Some people reserve that title for Martin Luther, but Gerhardt is famous primarily for hymns, while Luther had some other accomplishments that boost his fame. As one scholar has argued, “Every Protestant hymn writer must undergo comparison with the great father of German hymnody and none can stand the test better than Gerhardt.”
In fact, so loyal a Lutheran was Gerhardt that the comparison is especially apt. Luther was the master of the bellicose Christian hymn on an Old Testament text: think of “A Mighty Fortress is Our God” with its Teutonic cadences taking up the boast of Psalm 46. Luther’s hymns are nearly all the confession of a church, not the testimony of an individual. It was the genius of Gerhardt to take that churchly faith as his basis, and then to sing his own personal experience on that foundation. The same scholar quoted above notes, “the hymns [of Gerhardt] no longer acknowledge the truths of the Gospel as in the days of the Reformation, but the poet lives them. Approximately one-eighth of Gerhardt’s hymns begin with “Ich,” while not one of Luther’s begins this way. Gerhardt’s hymns, then, proclaim his own personal experiences…”
If you’ve worshiped for a long time with songs and hymns that are filled with “I, I, I, I” and “my my my my,” Gerhardt’s turn to personal confession might not sound like such a blessing. But Gerhardt was just downstream from the Reformation with its grand churchly objectivity about salvation, and for an artist working in that time period, the decision to explore personal experience was electrifying. No art exists in a vacuum, and Gerhardt’s poetry had the luxury of being able to presuppose the robust doctrinal content of the then-recent Reformation. For ages like ours, which don’t have a living cultural memory of a period of intense biblical literacy and doctrinal insight, the “I, me, my, mine” songs seem vapid, even when they aren’t. Perhaps we are in a cultural moment opposite to Gerhardt’s, and resonate to the rare objective note.
Consider Gerhardt’s most famous hymn, “O Sacred Head Now Wounded,” which is so memorably used in Bach’s St. Matthew Passion. It is actually Gerhardt’s free translation of Bernard of Clairvaux’s 1153 hymn Salve caput cruentatum. Bernard of Clairvaux was a saint who knew how to speak of his relationship to God in terms of great intimacy and inwardness; one of his favorite themes was how impossible it was for anyone to understand the sweetness of the love of Jesus without having experienced it. Gerhard captures that perfectly in his German translation of Bernard’s passion hymn:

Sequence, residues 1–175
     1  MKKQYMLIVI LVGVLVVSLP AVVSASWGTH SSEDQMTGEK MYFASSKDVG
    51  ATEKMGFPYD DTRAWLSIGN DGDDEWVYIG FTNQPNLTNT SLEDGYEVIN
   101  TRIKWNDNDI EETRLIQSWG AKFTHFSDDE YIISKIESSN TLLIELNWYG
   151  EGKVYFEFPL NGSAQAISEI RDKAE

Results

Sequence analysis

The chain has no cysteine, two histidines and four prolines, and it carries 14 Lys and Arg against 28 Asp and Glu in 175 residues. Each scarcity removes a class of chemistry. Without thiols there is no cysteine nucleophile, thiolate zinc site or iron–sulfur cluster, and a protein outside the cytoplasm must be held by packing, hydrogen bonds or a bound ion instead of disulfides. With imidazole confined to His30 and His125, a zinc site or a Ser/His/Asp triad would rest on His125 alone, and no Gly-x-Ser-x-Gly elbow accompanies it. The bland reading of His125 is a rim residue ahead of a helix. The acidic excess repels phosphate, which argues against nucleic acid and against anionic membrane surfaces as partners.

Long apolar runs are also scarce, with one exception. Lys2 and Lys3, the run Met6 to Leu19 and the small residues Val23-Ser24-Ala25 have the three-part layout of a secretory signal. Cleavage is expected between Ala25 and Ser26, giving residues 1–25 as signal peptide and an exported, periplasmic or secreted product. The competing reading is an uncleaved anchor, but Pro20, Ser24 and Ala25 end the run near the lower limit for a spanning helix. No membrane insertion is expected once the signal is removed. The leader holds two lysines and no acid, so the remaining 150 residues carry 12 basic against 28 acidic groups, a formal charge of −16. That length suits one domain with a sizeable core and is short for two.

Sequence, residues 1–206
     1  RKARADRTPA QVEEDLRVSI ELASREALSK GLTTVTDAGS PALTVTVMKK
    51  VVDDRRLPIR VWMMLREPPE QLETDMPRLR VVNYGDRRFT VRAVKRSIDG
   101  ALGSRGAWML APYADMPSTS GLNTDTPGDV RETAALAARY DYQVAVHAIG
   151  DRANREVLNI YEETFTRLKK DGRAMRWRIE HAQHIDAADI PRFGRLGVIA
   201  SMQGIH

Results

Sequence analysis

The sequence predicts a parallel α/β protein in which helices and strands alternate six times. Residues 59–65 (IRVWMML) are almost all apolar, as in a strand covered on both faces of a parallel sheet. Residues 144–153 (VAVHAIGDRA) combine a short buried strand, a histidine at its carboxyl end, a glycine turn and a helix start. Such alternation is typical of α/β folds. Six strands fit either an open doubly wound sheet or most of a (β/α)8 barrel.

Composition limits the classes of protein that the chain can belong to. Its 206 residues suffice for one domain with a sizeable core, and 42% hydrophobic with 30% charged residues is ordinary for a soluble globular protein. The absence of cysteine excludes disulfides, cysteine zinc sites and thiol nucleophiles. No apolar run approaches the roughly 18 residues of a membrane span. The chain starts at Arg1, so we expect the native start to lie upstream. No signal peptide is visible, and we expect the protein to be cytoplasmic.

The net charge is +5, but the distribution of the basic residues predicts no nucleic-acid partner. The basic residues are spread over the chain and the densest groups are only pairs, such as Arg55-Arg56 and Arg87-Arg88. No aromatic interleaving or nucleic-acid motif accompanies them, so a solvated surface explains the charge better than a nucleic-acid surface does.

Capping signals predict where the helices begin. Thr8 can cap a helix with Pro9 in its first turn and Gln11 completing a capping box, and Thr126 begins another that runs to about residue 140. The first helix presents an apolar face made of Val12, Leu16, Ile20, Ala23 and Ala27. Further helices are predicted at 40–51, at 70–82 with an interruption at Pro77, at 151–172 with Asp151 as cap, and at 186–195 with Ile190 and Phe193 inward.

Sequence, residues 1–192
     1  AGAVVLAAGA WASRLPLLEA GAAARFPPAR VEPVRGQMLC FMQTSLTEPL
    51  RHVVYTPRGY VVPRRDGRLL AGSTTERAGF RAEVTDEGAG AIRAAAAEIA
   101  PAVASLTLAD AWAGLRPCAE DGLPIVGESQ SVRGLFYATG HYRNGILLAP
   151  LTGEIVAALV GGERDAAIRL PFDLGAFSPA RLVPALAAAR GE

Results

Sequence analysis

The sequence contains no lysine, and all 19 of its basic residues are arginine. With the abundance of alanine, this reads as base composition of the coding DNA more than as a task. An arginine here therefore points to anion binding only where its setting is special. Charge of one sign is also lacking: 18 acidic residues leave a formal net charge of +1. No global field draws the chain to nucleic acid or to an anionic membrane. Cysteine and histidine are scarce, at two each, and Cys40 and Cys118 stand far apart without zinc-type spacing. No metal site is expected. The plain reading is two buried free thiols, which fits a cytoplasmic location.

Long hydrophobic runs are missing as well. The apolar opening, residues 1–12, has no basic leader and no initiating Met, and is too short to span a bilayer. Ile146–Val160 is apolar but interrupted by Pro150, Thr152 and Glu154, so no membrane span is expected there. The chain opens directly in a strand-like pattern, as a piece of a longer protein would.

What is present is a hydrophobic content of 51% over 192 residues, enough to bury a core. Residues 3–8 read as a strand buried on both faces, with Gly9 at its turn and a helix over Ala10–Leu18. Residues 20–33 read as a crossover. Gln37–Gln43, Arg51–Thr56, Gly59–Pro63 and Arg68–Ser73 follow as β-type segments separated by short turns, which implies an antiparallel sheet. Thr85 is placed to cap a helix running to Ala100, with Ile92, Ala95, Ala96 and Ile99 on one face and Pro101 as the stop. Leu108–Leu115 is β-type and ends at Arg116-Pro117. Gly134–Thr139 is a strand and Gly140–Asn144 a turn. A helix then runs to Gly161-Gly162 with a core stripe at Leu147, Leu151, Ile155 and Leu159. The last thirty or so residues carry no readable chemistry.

Nun, was du, Herr, erduldet, Ist alles meine Last;
Ich hab’ es selbst verschuldet, Was du getragen hast.
Schau her, hier steh’ ich Armer, Der Zorn verdienet hat;
Gib mir, o mein Erbarmer, Den Anblick deiner Gnad’!
Here, filtered through James Alexander’s 1830 englishing of it:
What Thou, my Lord, hast suffered, was all for sinners’ gain;
Mine, mine was the transgression, but Thine the deadly pain.
Lo, here I fall, my Savior! ‘Tis I deserve Thy place;
Look on me with Thy favor, vouchsafe to me Thy grace.
These are the words of a singer who knows himself to be personally involved in the passion of Christ. He has inserted himself, as it were, into the gospel narrative, as the choral responses in the St. Matthew Passion invite the listener to do.
Cyberhymnal lists a couple dozen of Gerhard’s hymns, along with multiple attempts to put them into English. Gerhardt is one of those foreign-language poets who English translators find irresistible: Nobody ever quite gets him right, but their loose translations and paraphrases are so good in their own right that they just keep trying.